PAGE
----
"When a bride arrives at a wedding it's a celebrated occasion. But to use trumpets to announce her arrival wouldn't be appropriate. Not so with the coronation of a king," Comfort wrote. "David instructed the use of a trumpet to herald the coronation of Solomon. It has to be something big, to announce it with the trumpet."
He added, "While trumpets herald the coronation of earthly kings, in reality these are symbolically heralding the coming of the one the Scriptures call the King of kings."
When a bride arrives at a wedding it’s a celebrated occasion. But to use trumpets to announce her arrival wouldn’t be appropriate. Not so with the coronation of a king. David instructed the use of a trumpet to herald the coronation of Solomon. It has to be something big, to… pic.twitter.com/luWUG6qWy7— Ray Comfort (@RayComfort) April 30, 2023
Swords will be carried in front of King Charles III as he enters Westminster Abbey.
"One is a blunt sword, speaking of the mercy of the gospel. Another is a sharp sword, symbolic of Judgment Day," Comfort wrote. "As the hymn writer says, 'He hath loosed the fateful lightning of His terrible swift sword…'"
Did you know that during the May 6th Coronation of King Charles, while being watched by a live audience of hundreds of millions around the world, a number of swords will be carried in front of the king as he enters Westminster Abbey? One is a blunt sword, speaking of the mercy of… pic.twitter.com/UWM9SetKXa— Ray Comfort (@RayComfort) April 29, 2023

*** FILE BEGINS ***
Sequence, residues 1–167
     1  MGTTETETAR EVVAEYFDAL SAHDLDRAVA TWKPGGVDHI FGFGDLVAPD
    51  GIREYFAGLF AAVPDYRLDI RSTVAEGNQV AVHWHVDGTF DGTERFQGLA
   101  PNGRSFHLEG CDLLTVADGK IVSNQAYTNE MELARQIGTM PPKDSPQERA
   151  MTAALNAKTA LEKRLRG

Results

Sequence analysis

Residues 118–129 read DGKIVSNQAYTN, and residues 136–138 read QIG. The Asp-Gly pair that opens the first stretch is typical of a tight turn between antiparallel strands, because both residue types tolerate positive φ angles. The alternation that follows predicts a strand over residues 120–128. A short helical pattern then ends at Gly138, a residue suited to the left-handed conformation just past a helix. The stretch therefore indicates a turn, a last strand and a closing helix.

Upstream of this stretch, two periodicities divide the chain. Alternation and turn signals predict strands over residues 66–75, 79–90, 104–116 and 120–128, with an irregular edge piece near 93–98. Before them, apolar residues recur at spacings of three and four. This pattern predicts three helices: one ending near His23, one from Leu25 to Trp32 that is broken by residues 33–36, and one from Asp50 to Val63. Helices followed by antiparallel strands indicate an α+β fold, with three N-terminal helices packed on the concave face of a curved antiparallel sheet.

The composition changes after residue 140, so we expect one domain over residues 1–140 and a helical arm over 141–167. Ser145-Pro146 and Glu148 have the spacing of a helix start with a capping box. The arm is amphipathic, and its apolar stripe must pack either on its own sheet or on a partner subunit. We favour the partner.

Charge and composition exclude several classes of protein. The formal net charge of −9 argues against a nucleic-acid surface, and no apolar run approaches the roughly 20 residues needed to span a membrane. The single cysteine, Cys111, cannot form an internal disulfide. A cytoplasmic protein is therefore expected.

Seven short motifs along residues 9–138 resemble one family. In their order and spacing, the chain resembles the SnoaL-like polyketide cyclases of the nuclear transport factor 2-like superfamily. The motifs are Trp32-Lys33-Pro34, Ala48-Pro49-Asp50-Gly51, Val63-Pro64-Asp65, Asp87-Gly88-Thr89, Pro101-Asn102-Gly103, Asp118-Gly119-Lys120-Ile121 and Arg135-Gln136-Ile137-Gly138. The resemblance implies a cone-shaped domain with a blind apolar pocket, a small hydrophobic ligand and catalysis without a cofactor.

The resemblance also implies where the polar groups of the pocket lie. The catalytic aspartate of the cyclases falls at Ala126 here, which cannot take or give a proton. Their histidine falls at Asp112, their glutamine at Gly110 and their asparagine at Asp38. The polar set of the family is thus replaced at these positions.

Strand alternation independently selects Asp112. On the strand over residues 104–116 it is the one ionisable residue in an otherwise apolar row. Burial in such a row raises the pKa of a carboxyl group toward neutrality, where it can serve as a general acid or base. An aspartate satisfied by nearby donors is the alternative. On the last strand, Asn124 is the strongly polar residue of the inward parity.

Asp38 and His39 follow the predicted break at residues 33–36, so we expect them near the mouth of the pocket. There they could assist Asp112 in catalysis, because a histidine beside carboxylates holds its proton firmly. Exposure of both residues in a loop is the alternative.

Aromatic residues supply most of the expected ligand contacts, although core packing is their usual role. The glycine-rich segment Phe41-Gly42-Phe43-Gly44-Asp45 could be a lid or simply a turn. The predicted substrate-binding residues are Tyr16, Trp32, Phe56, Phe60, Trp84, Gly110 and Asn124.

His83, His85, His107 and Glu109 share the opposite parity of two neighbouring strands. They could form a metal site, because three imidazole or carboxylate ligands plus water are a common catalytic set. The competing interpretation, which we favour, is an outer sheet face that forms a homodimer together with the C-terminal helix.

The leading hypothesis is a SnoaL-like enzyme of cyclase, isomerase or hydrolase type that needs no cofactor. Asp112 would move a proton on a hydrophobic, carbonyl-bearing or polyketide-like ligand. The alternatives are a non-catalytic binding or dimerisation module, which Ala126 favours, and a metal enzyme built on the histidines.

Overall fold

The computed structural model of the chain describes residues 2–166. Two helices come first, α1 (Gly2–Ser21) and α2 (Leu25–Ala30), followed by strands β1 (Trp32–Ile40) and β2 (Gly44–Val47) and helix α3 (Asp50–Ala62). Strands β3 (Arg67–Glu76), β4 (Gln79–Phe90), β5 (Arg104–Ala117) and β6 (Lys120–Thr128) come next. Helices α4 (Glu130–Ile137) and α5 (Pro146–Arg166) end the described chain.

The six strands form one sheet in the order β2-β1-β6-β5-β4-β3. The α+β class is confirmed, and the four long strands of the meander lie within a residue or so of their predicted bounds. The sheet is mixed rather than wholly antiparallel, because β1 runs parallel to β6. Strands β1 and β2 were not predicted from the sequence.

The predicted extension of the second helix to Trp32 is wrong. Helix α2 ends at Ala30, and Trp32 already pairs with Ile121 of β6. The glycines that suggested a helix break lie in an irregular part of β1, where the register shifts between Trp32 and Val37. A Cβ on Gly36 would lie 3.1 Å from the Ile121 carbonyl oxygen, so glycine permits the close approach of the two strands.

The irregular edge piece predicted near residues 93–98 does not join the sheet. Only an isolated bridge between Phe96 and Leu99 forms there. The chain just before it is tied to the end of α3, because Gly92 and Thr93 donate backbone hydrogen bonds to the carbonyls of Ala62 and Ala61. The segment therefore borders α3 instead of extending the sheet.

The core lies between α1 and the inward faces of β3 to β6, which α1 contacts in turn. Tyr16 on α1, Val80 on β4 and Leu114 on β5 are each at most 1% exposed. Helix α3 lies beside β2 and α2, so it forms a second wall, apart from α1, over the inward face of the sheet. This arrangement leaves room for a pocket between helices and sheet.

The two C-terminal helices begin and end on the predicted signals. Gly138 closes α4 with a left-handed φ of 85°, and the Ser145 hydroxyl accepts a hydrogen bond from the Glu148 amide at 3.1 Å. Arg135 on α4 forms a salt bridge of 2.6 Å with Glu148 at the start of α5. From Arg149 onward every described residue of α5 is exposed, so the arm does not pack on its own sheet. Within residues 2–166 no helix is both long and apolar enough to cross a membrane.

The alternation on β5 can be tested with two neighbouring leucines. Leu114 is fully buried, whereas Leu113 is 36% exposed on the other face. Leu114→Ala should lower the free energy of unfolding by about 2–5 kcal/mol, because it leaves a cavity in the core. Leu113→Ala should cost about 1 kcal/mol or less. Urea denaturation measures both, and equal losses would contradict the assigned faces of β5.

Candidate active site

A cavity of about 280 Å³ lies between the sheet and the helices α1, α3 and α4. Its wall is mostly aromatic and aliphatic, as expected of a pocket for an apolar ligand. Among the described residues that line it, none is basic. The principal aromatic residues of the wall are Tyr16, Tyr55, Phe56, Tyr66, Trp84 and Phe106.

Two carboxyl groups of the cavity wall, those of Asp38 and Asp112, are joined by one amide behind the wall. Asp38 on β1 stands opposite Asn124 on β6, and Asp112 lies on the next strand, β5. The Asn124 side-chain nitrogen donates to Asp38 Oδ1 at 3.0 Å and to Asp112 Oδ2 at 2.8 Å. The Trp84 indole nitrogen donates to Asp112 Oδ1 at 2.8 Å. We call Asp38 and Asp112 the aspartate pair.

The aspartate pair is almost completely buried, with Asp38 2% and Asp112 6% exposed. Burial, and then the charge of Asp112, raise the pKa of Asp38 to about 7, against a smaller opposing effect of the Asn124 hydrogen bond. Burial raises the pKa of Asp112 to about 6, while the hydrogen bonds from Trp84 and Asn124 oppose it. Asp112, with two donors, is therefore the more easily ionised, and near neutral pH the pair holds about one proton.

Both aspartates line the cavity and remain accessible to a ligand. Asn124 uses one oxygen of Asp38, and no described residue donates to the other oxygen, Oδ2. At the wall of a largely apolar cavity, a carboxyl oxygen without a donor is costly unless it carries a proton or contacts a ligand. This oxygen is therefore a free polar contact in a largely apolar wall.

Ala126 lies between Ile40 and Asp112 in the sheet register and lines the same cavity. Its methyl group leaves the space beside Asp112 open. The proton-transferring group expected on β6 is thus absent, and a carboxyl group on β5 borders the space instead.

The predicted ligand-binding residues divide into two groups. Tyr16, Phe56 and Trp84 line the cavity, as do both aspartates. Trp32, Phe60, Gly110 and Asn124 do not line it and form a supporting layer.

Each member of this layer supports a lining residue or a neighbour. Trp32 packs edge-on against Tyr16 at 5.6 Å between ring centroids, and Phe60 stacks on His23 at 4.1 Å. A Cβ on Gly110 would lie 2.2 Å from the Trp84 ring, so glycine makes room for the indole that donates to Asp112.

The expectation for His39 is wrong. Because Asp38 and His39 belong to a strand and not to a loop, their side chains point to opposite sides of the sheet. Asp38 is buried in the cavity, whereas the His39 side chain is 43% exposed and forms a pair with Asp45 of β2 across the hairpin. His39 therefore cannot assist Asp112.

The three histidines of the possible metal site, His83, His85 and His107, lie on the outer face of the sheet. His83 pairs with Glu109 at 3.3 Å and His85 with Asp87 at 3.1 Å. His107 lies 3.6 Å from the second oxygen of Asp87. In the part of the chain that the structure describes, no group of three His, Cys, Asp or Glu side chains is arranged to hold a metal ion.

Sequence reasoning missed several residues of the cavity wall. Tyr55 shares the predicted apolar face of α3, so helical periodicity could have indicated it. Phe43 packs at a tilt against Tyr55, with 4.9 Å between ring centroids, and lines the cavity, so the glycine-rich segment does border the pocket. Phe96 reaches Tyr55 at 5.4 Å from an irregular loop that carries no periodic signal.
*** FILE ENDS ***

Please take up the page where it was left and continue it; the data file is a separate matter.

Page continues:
5. The Anointing
King Charles III will be anointed with oil, "which is symbolic of the anointing of the Holy Spirit," Comfort wrote. Kings in the Old Testament were announced with oil.
The anointing of Queen Elizabeth II in 1953 was not broadcast on television.
"It was considered so extraordinary that it was decreed it must remain out of sight," Comfort wrote. "All this is symbolic of Almighty God disrobing Himself, becoming a lowly human being in the person of Jesus Christ, and being anointed by the Holy Spirit."
6. The Crown
The crown is "symbolic of the dominion of King Charles III, especially as defender of the faith," Comfort said.
"The crown is the centerpiece of the Crown Jewels of the United Kingdom," Comfort wrote. "Different crowns have been used to crown British monarchs since the 13th century. More than nine centuries later, believers eagerly watch the signs of the times and wait for the coming of Jesus Christ – the King of Kings and Lord of Lords – to whom every knee will bow, and they pray for the hastening of that coming kingdom."
7. The Coronation Chair
"The Coronation Chair is a very old wooden chair on which British monarchs sit when they are crowned at their coronations in Westminster Abbey," Comfort wrote.
It has been used since the 1200s. Underneath the chair is an ancient stone known as the "Stone of Scone." According to legend, the stone "was used by the biblical figure Jacob as a pillow when he dreamed of a ladder reaching to heaven and then brought to Scotland by way of Egypt, Spain and Ireland," History.com reported.
Photo courtesy: ©Getty Images/Brandon Bell/Staff
Michael Foust has covered the intersection of faith and news for 20 years. His stories have appeared in Baptist Press, Christianity Today, The Christian Post, the Leaf-Chronicle, the Toronto Star and the Knoxville News-Sentinel.